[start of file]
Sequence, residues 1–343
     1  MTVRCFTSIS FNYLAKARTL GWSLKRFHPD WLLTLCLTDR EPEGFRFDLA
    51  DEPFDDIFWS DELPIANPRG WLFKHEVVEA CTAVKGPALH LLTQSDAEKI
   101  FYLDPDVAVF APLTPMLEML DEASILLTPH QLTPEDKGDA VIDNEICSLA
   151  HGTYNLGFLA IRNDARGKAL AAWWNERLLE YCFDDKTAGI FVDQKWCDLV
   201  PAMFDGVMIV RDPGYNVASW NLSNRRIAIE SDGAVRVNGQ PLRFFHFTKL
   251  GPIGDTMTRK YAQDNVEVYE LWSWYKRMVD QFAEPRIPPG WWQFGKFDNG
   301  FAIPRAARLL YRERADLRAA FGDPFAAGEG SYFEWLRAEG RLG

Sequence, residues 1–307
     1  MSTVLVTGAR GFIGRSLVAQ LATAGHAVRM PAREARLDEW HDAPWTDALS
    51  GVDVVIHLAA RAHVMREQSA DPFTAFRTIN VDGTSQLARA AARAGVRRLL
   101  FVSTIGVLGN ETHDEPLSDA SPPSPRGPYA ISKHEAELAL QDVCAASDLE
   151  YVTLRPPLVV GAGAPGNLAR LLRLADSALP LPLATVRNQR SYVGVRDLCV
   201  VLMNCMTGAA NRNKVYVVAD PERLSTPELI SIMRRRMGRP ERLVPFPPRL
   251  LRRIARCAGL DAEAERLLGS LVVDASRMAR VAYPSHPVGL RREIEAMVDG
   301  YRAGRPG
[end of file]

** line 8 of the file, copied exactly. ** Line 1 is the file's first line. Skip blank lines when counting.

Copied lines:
   301  FAIPRAARLL YRERADLRAA FGDPFAAGEG SYFEWLRAEG RLG